Course Hero. "Ender's Game Study Guide." Course Hero. 29 Nov. 2017. Web. 29 May 2020. <https://www.coursehero.com/lit/Enders-Game/>.
Course Hero. (2017, November 29). Ender's Game Study Guide. In Course Hero. Retrieved May 29, 2020, from https://www.coursehero.com/lit/Enders-Game/
(Course Hero, 2017)
Course Hero. "Ender's Game Study Guide." November 29, 2017. Accessed May 29, 2020. https://www.coursehero.com/lit/Enders-Game/.
Course Hero, "Ender's Game Study Guide," November 29, 2017, accessed May 29, 2020, https://www.coursehero.com/lit/Enders-Game/.
Human beings are capable of immense cruelty and inhumanity when defending their own interests. Ender and the other children are abused throughout the book. The children are treated like little soldiers, separated from their families, prevented from having normal life experiences—all of it justified, supposedly, by the ever-present bugger threat. In real life, using child soldiers is considered a "grave violation" by the United Nations, though it does, tragically, happen.
The most egregious example of inhumanity, of course, is the bugger genocide. The author clearly does not hold Ender responsible for it. Ender says he would not have done it if he knew the battles were real. Yet Graff, Mazer, and the adults who cheer Ender's last battle are all aware they just destroyed a planet and erased a species. For them the destruction of the buggers and their home world is fully justified by the elimination of a potential threat to Earth and ensuring the survival of humanity.
Graff claims survival is perhaps the most human of all characteristics: "Nature can't evolve a species that hasn't a will to survive." Biologically speaking, Graff is correct. However, humans usually pride themselves on being more advanced than species who operate solely based on biological imperative. The author presents humanity as equally ruthless in pursuit of its own survival. At the end of the book the buggers are more accepting of humans than humans are of them, which says something about the limitations of human nature.
The book warns about the power of technology. Technology distances people from reality: Ender sees the battle as a game and acts accordingly. He commits genocide because in a video game, who worries about what happens to the enemies? Graff and Mazer admit they used technology so the children viewed battle as a game. If Ender saw real ships being destroyed, the consequences of his actions would be evident and he would behave differently as a commander.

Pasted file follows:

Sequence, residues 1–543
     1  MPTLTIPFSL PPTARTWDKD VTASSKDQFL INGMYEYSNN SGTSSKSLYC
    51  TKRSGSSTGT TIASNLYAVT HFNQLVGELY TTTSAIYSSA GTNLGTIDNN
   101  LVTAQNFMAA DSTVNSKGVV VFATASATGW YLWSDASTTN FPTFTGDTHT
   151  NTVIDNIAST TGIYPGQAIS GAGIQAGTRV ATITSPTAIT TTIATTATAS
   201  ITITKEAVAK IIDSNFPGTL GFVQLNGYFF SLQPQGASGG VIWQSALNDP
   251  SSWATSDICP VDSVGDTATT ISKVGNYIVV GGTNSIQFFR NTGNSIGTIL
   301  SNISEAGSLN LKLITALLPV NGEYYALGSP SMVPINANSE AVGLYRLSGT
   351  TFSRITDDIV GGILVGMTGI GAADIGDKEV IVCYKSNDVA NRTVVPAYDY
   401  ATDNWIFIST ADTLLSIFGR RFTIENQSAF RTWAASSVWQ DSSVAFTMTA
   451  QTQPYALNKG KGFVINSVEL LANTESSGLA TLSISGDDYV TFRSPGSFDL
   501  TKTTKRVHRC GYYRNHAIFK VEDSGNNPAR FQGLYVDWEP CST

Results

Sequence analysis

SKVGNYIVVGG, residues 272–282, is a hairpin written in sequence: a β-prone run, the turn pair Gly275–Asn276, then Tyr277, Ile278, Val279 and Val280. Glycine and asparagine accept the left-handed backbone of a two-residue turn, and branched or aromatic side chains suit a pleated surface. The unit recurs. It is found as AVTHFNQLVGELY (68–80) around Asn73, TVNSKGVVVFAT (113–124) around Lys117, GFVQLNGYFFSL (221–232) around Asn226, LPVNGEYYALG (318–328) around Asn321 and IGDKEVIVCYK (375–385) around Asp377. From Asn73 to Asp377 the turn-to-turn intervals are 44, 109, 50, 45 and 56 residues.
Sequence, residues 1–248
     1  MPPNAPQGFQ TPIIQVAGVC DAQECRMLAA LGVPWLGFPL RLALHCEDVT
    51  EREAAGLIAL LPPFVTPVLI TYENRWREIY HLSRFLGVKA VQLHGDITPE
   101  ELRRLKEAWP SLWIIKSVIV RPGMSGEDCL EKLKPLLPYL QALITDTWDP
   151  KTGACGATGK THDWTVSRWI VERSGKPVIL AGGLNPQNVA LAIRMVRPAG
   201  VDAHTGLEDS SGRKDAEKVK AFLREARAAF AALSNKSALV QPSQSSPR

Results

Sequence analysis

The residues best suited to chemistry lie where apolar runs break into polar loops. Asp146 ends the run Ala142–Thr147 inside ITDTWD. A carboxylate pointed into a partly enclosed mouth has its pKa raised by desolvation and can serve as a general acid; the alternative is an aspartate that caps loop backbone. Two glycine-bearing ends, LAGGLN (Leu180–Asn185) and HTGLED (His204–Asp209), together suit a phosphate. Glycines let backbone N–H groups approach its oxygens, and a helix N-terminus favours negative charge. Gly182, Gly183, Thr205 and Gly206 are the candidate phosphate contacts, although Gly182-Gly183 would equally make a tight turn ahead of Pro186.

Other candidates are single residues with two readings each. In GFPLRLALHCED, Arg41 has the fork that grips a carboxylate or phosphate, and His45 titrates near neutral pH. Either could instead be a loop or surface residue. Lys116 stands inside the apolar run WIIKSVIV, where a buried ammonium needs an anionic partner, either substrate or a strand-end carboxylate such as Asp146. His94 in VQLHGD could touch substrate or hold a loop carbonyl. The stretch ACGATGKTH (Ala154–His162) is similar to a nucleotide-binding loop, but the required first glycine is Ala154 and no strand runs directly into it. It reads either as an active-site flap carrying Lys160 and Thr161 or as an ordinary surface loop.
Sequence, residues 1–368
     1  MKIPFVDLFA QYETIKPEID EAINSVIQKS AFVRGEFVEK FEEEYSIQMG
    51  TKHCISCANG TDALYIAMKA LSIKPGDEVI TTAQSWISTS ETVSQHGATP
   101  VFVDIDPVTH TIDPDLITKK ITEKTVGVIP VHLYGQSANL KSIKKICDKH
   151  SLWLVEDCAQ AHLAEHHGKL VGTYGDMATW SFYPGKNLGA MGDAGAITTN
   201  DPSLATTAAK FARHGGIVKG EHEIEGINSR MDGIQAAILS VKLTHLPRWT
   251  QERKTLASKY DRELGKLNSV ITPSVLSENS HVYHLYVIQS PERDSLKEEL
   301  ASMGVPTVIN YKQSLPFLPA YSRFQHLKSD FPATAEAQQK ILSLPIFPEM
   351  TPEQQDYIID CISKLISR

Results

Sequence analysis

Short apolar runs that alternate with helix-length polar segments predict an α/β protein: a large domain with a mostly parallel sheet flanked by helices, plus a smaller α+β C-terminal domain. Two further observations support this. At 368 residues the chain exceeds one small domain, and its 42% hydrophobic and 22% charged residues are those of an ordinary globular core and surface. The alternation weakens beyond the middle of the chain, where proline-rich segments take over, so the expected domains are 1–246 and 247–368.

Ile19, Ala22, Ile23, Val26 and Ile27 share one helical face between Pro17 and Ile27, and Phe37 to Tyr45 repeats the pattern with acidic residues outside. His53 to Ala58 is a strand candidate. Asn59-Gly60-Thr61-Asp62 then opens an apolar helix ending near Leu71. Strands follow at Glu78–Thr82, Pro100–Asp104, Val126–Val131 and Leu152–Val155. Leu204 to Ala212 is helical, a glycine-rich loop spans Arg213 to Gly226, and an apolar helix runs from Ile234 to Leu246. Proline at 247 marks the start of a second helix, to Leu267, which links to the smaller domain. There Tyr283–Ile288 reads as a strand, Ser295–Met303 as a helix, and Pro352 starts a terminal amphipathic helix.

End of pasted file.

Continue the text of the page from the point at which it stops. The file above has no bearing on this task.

Increasingly powerful weapons are another danger of technology. Bugger technology and subsequent developments gives humans enough firepower to destroy the buggers' planet. Without such technology, human ships wouldn't have been able to find the buggers, much less destroy them. This is a common theme in science fiction, particularly in the mid- to late-20th century, when writers were exploring the consequences of weapons like the atomic bomb.
Technology can also give power to anonymous people "on the nets." Peter and Valentine create false identities to shape world events. As Locke, Peter becomes a world leader because of how he manipulated peoples and ideas. Peter ultimately uses his power for good, but he and Valentine could have caused a lot of problems.
When Ender and Valentine are at the lake, Valentine sees her brothers as "two faces of the same coin." This image reflects the duality of both Peter and Ender's natures. Ender is a sensitive and caring person, but he is responsible for unimaginable violence. Peter is a more violent and less caring person, but he drafts a peace agreement and rules on Earth for many years, apparently without excessive violence or bloodshed.
A similar duality is also present in Peter and Valentine's adopted identities. The opinionated and violent Peter is Locke—the moderate, rational persona—while Valentine, who is much milder in real life, is the fear-mongering Demosthenes.